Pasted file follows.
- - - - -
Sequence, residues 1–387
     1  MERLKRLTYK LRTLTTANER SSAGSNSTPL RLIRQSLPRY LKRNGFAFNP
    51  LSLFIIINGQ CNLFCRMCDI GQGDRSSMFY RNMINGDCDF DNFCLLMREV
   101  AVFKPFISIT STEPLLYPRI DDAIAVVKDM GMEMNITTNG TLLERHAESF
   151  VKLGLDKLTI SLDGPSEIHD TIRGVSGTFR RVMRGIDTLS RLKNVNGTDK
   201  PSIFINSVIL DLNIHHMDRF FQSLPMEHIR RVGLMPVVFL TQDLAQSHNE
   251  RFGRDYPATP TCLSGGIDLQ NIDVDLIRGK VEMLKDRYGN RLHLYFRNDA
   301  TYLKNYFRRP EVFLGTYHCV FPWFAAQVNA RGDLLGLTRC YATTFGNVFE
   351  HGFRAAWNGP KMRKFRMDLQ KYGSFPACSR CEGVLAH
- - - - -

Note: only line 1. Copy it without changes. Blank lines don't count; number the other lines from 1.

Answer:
Sequence, residues 1–387